Referring to FIG. 6, an electrically insulative material such as SiO2 or Si3N4 is formed over the lines 32 and the substrate 34 and is subsequently anisotropically etched to provide a plurality of sidewall spacers 36 on at least a portion, and possibly all, of the pattern device outlines 32. For purposes of the ongoing discussion, the patterned device outlines 32 define male patterns between which female patterns 38 are also formed. Accordingly, an array of alternating male/female patterns are formed over the substrate wherein the sidewall spacers 36 are formed in the female patterns 38.
Referring to FIG. 7, and after forming the sidewall spacers 36, the male patterns or patterned device outlines 32 are removed by suitable etching techniques. The etch etches the device outlines 32 relative to the material forming spacers 36 and the substrate 34. Such leaves behind a plurality of upstanding sidewall spacers 36 which effectively define thin electrically insulative partitions between which a plurality of devices are to be formed. As shown, the distance or lateral spacing between adjacent spacers varies from spacer-to-spacer. According to one aspect, a plurality of spaces 40 a through 40 i are provided wherein adjacent spaces, such as 40 a and 40 b, differ slightly in lateral width dimension, while alternate spaces, such as 40 a and 40 c, have substantially the same lateral width dimension.
Referring to FIG. 8, a conductive material 42 is formed over the substrate 34 and the sidewall spacers 36 and may completely fill the spaces 40 a through 40 i. An example material for the layer 32 is conductively doped polysilicon.
Referring to FIG. 9, the conductive material 42 is etched back by suitable methods such as a chemical-mechanical polish (CMP) or dry etching, as is known in the art. Such forms a plurality of substantially identically shaped circuit devices relative to the patterned device outlines 32 (FIG. 6). In this embodiment, such devices are conductive lines 44 which are spaced laterally from one another a distance which is no greater than a width of one of the electrically insulative sidewall spacers 36 therebetween. As so formed, immediately adjacent conductive lines of the plurality of lines formed have a pitch P2 which is substantially no greater than a lateral line width L2 plus a width W2 of the spacer 36 which is positioned between the adjacent lines. As compared to the pitch P1 (FIG. 3) of the prior circuit devices, pitch P2 represents a reduction in pitch which approaches fifty percent. Such achieved pitch reductions are without regard to the prior art photolithographic spacing constraints imposed on semiconductor processing. As mentioned above, the spacing between adjacent spacers 36 varies from one spacer 36 to another spacer 36. Accordingly, the pitch P2 varies as well. It is possible for the spacing between adjacent spacers 36 to be uniform, however, so that the pitch remains constant across the substrate 34.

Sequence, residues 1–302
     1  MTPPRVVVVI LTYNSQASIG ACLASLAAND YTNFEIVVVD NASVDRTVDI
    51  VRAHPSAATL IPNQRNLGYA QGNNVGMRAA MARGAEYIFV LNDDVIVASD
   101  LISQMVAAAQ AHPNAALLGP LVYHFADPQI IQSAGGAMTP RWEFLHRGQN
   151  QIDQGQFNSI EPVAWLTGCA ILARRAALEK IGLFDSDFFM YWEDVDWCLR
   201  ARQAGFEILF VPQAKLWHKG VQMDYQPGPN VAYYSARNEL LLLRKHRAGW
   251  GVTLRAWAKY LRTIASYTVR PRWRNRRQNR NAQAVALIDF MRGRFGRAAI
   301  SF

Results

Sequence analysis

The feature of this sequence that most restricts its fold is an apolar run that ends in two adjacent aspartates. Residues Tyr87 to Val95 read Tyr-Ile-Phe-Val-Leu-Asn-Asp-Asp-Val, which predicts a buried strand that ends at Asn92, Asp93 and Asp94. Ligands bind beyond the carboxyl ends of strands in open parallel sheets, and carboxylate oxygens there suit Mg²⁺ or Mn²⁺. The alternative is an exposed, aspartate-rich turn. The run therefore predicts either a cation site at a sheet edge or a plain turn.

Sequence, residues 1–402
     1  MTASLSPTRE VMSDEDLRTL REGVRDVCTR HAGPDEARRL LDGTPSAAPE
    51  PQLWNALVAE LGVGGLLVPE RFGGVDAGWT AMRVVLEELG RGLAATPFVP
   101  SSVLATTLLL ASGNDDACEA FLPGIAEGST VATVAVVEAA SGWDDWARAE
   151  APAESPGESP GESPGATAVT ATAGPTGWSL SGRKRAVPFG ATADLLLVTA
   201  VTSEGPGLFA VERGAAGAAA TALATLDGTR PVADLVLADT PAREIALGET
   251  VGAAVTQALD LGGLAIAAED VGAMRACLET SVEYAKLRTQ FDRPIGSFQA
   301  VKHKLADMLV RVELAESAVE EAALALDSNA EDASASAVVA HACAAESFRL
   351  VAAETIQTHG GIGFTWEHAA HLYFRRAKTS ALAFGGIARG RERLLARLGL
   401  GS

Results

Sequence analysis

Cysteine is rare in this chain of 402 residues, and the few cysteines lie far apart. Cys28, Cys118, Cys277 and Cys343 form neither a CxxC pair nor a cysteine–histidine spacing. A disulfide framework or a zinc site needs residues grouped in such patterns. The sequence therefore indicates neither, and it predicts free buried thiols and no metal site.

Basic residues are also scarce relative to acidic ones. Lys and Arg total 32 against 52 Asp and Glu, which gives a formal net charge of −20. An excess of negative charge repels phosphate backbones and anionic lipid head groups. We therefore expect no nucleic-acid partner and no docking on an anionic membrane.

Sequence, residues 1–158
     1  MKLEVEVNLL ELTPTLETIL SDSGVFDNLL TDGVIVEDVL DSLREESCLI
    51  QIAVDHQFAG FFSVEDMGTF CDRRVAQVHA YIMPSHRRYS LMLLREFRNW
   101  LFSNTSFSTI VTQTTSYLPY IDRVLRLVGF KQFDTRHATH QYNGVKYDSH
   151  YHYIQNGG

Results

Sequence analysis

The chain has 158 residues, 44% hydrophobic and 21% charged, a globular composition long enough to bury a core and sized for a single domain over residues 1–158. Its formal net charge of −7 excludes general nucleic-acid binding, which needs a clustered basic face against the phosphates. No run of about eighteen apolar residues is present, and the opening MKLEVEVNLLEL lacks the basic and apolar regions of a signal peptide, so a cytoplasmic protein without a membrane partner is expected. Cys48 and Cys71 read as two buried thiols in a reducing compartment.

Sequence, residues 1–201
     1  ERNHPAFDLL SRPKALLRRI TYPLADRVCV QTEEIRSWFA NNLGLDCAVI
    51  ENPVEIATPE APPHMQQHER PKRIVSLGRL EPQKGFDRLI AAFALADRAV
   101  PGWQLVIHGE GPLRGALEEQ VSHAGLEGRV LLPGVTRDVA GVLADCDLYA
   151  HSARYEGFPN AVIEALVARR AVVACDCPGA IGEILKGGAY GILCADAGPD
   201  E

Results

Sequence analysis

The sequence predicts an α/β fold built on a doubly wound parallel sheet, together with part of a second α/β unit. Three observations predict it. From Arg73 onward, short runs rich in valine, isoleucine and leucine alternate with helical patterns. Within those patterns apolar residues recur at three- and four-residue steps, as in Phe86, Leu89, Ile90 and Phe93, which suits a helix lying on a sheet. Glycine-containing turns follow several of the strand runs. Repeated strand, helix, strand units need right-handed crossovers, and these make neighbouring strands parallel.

Referring to FIG. 10, a top plan view of the substrate 34 is shown. Conductive lines 44 collectively define a series of conductive lines which in turn define a device array 46 of substantially identically shaped devices. The array 46 includes the plurality of upstanding spacers 36 and the conductive lines 44 formed intermediate the spacers 36. In accordance with one aspect of the invention and as described with reference to FIG. 9 above, adjacent lines 44 have a pitch which is substantially no greater than about the distance between a pair of adjacent spacers 36 (corresponding to the line width) plus the width of the spacer 36 therebetween. In the illustrated example, conductive lines 44 are elongated and adjacent conductive lines 44 have different lateral line widths. Additionally, alternate lines 44 have substantially equal lateral line widths. Such variation in line width stems from the manner in which the anisotropically etched sidewall spacers 36 are provided over the substrate 34, and in particular the lateral spacing of device outlines 32 (FIG. 5). As mentioned above, it is possible for the line widths to be substantially equal over the entire substrate 34.
Referring still to FIG. 10, a dashed line 48 traverses the device array 46. Individual elongated conductive lines 44 are formed over the substrate 34 transversely along the line 48. Respective alternate devices along the line 48 have a substantially common width dimension therealong and respective adjacent devices have a different width dimension therealong.
Referring collectively to FIGS. 11-18, a semiconductor processing method of forming a plurality of alternate devices on a substrate in accordance with the above-described principles is described. According to one aspect of the invention, the devices comprise capacitors, and may comprise capacitors forming part of a dynamic random access memory (DRAM) device. Circuit devices other than the illustrated and described conductive lines and capacitors can be fabricated in accordance with the invention.